The special forces were in separate teams by then, and members involved in calling in the air strike have told investigators they were not aware the coordinates were for a hospital compound, according to an American official familiar with their account. These sources and the former intelligence officer spoke on condition of anonymity for lack of authorization to be quoted by name.

Neither Afghan nor U.S. ground forces had eyes on the target, American and Afghan officials said, although the gunship crew, flying in low and slow, would have seen it clearly lit up by generator-powered floodlights in the darkened city.

This sequence of events raises unresolved questions, including how the U.S. chain of command could miss that they were firing at a hospital. Some U.S. officials point to a military intelligence computer network that soldiers say was not working properly in Afghanistan at the time, raising the possibility that even though many special operations analysts knew of the hospital, the information was not made available to the commanders who approved the strike.

The doctors and nurses were exhausted that night, having treated 376 patients in the emergency room in the six days since the Taliban stormed the city of 300,000. Most were civilians, but three or four wounded government combatants and about 20 wounded Taliban also were being cared for, according to MSF's internal review, released Nov. 5.

"Everyone felt like we were in the safest place in Kunduz," said Nazari, who had been at the hospital for four days caring for his brother Obaidullah, who had been wounded by crossfire. He hadn't slept for three nights, so joined other caregivers trying to rest in a safe room.

"I must have slept around five minutes before I was woken up by the smoke and the dust coming into the basement. We were sure no one could survive what was happening above us," he said.

The nurse who asked not to be identified had just left the main building when he heard the first huge explosion and saw the intensive care unit ablaze. Then he went outside and was hit by a bullet.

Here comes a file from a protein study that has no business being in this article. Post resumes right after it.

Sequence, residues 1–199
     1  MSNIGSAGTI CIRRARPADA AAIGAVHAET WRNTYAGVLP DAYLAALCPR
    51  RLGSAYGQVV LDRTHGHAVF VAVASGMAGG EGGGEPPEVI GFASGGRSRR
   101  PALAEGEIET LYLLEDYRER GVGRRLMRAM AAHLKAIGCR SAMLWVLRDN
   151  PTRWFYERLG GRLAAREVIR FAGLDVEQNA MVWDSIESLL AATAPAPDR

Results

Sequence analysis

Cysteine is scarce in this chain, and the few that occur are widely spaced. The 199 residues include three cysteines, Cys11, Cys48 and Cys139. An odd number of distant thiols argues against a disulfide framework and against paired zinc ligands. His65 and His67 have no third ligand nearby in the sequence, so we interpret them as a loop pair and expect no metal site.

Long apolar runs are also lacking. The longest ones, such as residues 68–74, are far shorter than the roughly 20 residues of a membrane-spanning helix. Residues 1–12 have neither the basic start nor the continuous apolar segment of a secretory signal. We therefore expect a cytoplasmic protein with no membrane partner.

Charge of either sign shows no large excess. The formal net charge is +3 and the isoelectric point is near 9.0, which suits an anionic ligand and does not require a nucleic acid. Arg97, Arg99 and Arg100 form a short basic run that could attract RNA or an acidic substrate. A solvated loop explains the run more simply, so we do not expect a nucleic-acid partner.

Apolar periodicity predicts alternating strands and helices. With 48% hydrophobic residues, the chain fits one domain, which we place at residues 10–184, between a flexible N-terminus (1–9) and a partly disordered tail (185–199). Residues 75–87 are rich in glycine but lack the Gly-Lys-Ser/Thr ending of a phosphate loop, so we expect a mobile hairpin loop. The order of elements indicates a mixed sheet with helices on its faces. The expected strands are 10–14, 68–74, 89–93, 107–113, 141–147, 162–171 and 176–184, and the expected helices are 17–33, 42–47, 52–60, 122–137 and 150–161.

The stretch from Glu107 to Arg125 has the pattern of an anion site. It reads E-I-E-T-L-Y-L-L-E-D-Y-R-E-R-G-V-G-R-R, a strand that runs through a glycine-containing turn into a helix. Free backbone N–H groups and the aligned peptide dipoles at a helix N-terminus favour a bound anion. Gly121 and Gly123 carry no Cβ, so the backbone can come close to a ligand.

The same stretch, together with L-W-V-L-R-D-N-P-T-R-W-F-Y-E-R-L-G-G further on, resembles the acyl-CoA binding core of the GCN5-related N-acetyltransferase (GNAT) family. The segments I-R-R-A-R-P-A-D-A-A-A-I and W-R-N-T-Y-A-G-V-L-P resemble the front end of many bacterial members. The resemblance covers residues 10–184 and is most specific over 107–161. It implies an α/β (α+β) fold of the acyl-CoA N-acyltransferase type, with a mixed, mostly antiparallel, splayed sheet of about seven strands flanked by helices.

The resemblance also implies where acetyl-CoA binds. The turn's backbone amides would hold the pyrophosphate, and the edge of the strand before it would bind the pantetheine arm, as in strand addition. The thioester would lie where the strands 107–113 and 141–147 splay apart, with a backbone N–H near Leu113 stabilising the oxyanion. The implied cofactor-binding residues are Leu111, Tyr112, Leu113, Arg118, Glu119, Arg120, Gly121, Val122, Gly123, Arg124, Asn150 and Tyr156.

"After about 20 minutes of the attack going on, the plane began dropping something that was bright and burning onto the hospital. I don't know what it was, but when it hit the ground it immediately burned and flared, but with no sound," the nurse said.

MSF says the intensive care unit, emergency room, operating theaters and outpatient department, as well as X-ray, laboratory, physiotherapy, mental health and sterilization areas "all were destroyed in this wave after wave of strikes."

MSF staff frantically called and texted U.S. military contacts in Washington, NATO's mission in Kabul and the U.N.'s civilian-military liaison office for humanitarian affairs in Kabul to call it off, but the Americans kept firing for more than an hour, survivors said.

A hospital security guard who also asked not to be named, for the sake of his own security, said he entered the still-smoldering remains of the intensive care unit and found that "only one person was alive — injured but alive."

"The rest were all dead. Doctors and patients were just burned. And while we were taking stock of the injured, four doctors died in the meeting room. A couple of the foreign doctors jumped out of the windows to escape the attack — it's a miracle they survived," the guard said.

Anayatullah Hamdard, an agriculture professor at Kunduz University, recovered the body of his father, Dr. Abdul Sattar. "He was completely burned. I couldn't even see his face," Hamdard said.

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Associated Press Writer Ken Dilanian in Washington contributed to this report.